Swedish Company Trains Crows to Clean Up Cigarette Butts

A crows picking up a cigarette butt.
Crows are being trained to pick up cigarette butts by a company in Sweden. The Guardian / YouTube screenshot

Cigarette butts are the No. 1 form of plastic pollution, with around 4.5 trillion tossed cigarette butts in the world today. In Sweden, a company called Corvid Cleaning is using crows to pick up this discarded waste.

For every butt deposited, the birds earn food. They collect the cigarettes, then drop them off in a specially designed machine. Christian Günther-Hanssen, founder of Corvid Cleaning, says the birds are still wild but are participating in the cleanup “on a voluntary basis.” The scheme is currently undergoing a pilot project, so the company can evaluate the birds’ health.

While trillions of cigarette butts make their way into the environment globally, the Keep Sweden Tidy Foundation estimates that there are over 1 billion cigarettes in the country alone. This type of waste makes up 62% of all litter, as reported by The Guardian. 

To keep the streets free of debris, Sweden spends around 20 million Swedish krona (about $2.2 million) on street-sweeping. Günther-Hanssen believes that relying on wild crows to pick up cigarettes in exchange for food could reduce street-cleaning costs by 75% or more.

“The estimation for the cost of picking up cigarette butts today is around 80 öre or more per cigarette butt, some say two kronor,” Günther-Hanssen explained. “If the crows pick up cigarette butts, this would maybe be 20 öre per cigarette butt. The saving for the municipality depends on how many cigarette butts the crows pick up.”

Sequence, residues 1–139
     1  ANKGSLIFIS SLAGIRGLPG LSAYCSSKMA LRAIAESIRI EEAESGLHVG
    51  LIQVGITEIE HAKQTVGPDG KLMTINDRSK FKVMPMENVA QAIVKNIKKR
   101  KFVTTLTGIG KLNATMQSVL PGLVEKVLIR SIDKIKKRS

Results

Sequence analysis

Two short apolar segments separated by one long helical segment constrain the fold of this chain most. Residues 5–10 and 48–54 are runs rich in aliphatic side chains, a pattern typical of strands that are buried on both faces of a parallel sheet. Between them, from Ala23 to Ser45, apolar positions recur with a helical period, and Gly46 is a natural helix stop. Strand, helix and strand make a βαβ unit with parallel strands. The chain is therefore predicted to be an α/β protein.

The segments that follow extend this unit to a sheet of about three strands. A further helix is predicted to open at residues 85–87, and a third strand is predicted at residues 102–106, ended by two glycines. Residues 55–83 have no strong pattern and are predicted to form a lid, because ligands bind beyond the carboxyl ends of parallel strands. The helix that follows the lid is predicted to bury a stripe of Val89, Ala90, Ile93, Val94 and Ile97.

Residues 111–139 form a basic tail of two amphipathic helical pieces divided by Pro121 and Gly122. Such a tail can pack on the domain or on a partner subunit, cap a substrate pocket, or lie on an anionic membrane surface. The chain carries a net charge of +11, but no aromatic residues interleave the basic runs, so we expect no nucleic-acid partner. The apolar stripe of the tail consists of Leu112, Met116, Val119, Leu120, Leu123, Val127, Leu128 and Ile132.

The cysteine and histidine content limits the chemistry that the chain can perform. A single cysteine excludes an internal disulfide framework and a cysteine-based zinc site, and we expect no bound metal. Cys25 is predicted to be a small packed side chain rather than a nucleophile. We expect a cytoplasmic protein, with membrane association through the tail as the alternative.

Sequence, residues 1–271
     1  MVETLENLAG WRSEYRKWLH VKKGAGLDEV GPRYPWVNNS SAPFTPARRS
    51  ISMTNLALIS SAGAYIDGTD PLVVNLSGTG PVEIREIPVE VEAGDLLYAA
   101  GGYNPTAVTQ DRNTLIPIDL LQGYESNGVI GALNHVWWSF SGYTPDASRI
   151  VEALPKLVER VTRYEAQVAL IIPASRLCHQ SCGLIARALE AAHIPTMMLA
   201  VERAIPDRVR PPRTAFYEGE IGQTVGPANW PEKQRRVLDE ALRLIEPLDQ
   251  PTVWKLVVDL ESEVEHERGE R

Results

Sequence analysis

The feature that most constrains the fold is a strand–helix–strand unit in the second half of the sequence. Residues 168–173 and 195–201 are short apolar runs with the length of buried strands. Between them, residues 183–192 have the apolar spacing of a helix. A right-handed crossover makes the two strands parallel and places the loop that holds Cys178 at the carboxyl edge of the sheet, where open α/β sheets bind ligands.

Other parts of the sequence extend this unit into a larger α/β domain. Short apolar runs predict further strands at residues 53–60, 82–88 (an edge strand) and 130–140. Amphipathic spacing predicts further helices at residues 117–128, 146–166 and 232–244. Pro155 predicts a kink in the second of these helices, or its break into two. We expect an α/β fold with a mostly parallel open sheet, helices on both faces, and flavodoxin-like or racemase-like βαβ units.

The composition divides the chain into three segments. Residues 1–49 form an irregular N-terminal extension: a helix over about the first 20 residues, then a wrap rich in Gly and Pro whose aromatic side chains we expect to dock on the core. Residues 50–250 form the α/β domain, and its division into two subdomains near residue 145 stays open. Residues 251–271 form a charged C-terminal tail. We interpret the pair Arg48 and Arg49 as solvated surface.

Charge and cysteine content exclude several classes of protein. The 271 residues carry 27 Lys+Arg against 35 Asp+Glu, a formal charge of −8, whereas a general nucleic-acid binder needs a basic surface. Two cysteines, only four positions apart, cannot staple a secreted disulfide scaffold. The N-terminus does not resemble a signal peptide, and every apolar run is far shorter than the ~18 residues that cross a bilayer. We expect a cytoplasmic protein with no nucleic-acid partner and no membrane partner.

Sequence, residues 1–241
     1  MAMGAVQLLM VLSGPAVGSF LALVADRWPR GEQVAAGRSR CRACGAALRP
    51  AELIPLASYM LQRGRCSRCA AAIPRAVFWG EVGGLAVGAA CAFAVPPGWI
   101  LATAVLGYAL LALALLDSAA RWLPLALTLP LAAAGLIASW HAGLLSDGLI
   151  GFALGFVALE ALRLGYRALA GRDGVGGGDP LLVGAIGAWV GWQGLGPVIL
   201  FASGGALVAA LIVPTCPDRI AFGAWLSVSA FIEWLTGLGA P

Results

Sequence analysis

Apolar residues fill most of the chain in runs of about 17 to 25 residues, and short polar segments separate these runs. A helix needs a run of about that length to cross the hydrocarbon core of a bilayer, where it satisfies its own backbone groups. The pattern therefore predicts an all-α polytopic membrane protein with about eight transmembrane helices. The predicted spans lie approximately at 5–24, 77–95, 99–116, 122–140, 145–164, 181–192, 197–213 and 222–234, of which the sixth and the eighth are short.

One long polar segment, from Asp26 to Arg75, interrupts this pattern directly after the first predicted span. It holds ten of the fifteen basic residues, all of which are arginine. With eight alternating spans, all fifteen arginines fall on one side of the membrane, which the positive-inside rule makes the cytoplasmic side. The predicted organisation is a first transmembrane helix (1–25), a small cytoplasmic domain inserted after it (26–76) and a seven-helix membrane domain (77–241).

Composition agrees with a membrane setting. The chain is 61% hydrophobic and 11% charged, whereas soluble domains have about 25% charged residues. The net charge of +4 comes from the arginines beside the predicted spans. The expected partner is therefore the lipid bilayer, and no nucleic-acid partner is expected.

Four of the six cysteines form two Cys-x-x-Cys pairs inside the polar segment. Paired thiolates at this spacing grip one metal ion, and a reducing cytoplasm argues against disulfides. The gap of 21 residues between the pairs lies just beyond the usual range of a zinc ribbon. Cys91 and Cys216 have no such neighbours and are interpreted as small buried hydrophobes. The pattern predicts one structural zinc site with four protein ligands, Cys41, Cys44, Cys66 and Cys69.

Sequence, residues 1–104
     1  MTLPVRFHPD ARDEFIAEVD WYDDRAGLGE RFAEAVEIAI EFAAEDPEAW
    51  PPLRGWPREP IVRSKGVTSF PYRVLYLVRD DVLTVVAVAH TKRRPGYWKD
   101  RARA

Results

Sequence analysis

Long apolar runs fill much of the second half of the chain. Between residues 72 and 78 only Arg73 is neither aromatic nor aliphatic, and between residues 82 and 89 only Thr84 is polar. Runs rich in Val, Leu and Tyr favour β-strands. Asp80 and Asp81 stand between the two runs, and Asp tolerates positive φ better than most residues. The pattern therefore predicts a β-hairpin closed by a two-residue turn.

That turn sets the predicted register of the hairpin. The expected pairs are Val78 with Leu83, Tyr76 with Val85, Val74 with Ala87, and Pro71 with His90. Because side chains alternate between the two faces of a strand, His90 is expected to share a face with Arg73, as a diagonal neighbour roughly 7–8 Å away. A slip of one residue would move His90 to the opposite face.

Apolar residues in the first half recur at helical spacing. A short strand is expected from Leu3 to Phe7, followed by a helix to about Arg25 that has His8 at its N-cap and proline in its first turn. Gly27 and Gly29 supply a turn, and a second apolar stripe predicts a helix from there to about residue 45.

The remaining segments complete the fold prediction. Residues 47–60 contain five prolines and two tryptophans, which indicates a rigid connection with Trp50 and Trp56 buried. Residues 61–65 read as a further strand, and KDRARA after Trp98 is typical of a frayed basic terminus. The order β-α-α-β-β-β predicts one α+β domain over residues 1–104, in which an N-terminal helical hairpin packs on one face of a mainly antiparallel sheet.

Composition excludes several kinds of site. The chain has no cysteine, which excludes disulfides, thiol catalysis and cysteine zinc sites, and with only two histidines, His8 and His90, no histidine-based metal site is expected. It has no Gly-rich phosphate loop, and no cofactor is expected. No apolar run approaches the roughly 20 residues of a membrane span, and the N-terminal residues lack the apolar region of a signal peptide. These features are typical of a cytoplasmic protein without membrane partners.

Why crows? According to a 2014 study, crows showed reasoning skills equivalent to a 7- to 10-year-old human child, giving them a higher chance of successfully handling the complex tasks of seeking out littered cigarettes, dropping them off to a specific machine and receiving food as their reward.

“They are easier to teach and there is also a higher chance of them learning from each other,” Günther-Hanssen said. “At the same time, there’s a lower risk of them mistakenly eating any rubbish.”

There is still concern about the birds’ health handling this toxic litter. Of course, there’s also the question of why we are able to train animals to pick up litter, but we cannot teach humans to stop littering.

“It would be interesting to see if this could work in other environments as well. Also from the perspective that we can teach crows to pick up cigarette butts but we can’t teach people not to throw them on the ground,” said Tomas Thernström, a waste strategist at Södertälje municipality, where the drop-off machine is located. “That’s an interesting thought.”

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